A few days ago, I had commented on a recent CBC news item announcing that the government of British Columbia was embarking on a “review” of BC’s Carbon Tax. The CBC’s record of providing useful links to back up its stories is far from sterling – and at the time of my original post, I was unable to find such a link. However, I am now able to remedy this:
British Columbians now have the opportunity to make written submissions to the Minister of Finance from July 1, 2012 – August 31, 2012.
The Minister of Finance and Deputy Premier is Kevin Falcon. Reader Morley Sutter has made a submission, which he has kindly permitted me to publish here. I have taken the liberty of slightly reformatting for ease of blog-reading.
From: Morley C. Sutter [mailto:xxxxxx]
Sent: July-01-12 7:58 AM
Subject: Carbon Tax
The Carbon Tax should be scrapped. It ostensibly was introduced based on two premises: the belief that increasing CO2 in the atmosphere produces dangerous man-made global warming and the belief that we should reduce our dependence on fossil fuels (particularly oil produced by OPEC). The first premise is false; the second has been mitigated by the North American use of frakking to increase the availability of both oil and natural gas. The Carbon Tax is therefore both unnecessary and useless except as a revenue-earner for the Government. It is simply a cost to the populace.
There is little doubt that the average surface air temperature has increased – approximately 0.8 degrees Celsius since 1850 or 0.05 degrees per decade but the cause of this is unknown. CO2 also has increased over that period so there is a rough correlation between the rise in CO2 concentrations and temperature.
But correlation between two events never proves that one causes the other. The lack of correlation between two events indicates that they are causally unrelated.
The graph shown below shows the lack of correlation between atmospheric CO2 and temperature.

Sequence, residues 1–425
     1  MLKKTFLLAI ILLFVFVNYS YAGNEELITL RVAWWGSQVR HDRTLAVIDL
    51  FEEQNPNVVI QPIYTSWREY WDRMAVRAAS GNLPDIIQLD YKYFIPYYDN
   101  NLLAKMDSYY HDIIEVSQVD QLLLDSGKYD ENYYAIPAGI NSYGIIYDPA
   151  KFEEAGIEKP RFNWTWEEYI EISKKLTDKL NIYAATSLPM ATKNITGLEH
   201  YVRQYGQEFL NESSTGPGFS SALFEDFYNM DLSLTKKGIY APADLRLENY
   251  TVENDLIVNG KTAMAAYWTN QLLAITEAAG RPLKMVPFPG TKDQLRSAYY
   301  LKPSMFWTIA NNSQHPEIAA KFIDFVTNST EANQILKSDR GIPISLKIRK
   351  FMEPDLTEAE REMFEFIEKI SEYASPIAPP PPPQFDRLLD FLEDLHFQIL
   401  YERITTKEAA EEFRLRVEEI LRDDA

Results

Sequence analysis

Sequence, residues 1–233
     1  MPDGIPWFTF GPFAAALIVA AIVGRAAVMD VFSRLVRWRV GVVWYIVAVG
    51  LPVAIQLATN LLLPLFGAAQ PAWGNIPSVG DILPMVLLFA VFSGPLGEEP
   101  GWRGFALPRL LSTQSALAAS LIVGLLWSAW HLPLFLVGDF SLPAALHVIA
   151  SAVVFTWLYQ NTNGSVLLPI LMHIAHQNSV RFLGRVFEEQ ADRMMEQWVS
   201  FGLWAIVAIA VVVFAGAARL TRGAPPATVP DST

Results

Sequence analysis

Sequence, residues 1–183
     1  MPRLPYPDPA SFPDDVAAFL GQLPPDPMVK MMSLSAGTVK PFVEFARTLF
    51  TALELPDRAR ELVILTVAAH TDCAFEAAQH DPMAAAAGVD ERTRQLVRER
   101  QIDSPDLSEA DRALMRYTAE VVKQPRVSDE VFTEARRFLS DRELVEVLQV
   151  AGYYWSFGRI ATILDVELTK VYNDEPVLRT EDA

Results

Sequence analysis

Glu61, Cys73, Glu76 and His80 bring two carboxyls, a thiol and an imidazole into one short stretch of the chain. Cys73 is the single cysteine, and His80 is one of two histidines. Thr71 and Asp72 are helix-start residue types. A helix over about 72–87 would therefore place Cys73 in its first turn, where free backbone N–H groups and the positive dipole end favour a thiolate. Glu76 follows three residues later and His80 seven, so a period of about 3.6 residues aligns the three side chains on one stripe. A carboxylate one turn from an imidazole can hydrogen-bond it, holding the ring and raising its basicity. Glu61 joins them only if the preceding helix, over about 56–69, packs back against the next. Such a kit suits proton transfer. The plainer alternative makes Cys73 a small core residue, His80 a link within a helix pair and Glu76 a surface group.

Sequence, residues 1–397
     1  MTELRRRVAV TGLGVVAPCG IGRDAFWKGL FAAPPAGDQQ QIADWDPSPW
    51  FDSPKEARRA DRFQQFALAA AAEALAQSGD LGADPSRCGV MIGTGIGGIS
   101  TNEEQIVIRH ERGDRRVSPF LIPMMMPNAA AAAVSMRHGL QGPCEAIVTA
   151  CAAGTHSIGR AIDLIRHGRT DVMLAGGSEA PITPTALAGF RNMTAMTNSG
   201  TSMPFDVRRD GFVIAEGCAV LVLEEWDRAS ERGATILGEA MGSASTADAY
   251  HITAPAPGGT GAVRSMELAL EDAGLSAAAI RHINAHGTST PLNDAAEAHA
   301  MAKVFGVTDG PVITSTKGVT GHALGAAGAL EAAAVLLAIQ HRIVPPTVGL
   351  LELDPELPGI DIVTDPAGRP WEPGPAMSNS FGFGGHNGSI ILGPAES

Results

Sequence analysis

Temperature records versus atmospheric CO2
Superimposed plot of five different global monthly temperature estimates shown individually elsewhere. As the base period differs for these estimates, they have all been normalised by comparing to the average of their initial 120 months (10 years) from January 1979 to December 1988. Click here to go to the associated comparison of these five temperature records.
The heavy black line represents the simple running 37 month (c. 3 year) mean of the average of all temperature estimates (before 1979 only the three surface records). The blue graph shows the amount of atmospheric CO2 (Mauna Loa station, Hawaii, see also above). The heavy blue line represents the simple running 37 month (c. 3 year) mean of the monthly CO2-values.
The scale for atmospheric CO2 (right) is adjusted to display the CO2-graph roughly parallel to the 1975-2000 temperature increase. For the first two decades in the 21st century a warming of about 0.2°C per decade is projected for a range of SRES emission scenarios according to the 2007 IPCC Summary for Policymakers (p.7 and Fig.SPM.5). Last month shown: May 2012. Last diagram update: 29 June 2012.
It is from the Norwegian blog “Climate4you” accessible at the following URL: http://www.climate4you.com/.
As you can see, there has been no significant warming since the year 2000. How can CO2 be the driver of temperature when the CO2 concentration rises without an accompanying temperature rise?
Morley C. Sutter, MD, PhD.
A related footnote … in a subsequent story, apart from dutifully quoting a spokesman for the Suzuki Foundation (who, of course, contends that this tax is the greatest thing since sliced bread), the CBC chose to “balance” this view with that of Mark Jaccard:
a professor of environmental economics at Simon Fraser University, [who] believes it will take 20 years before the province can speculate on the success or failure of the tax.
“It would be shocking if a carbon tax had made a difference in a couple of years and it hasn’t,” he said.
Hmmm … I wonder if Jaccard and his co-author Nic Rivers would care to debate the “findings” of Stewart Elgie’s latest fiefdom, regarding BC’s Carbon Tax. As I had noted, the Globe and Mail had dutifully reported (inter alia):
But in its report on the levy, Sustainable Prosperity says it has led to substantial reductions in greenhouse gas emissions that are linked to climate change, but has had no negative impact on economic growth, as some critics feared.
Rivers, a co-author of Jaccard’s 2007 book – and then one of Jaccard’s grad students – provided “comment and review” on Elgie’s “report”, and is now evidently at the University of Ottawa and is also a member of Elgie’s “Research Network Committee” where he serves as “Co-Chair, Low Carbon Economy”.
Or perhaps Jaccard is merely a little behind on the apparent shifting of the sands of the environmental-activist paradigm from amorphous “climate change” – on the heels of Rio+20 at which it was barely mentioned – to the more conveniently encompassing (but equally ill-defined) “sustainable development”?!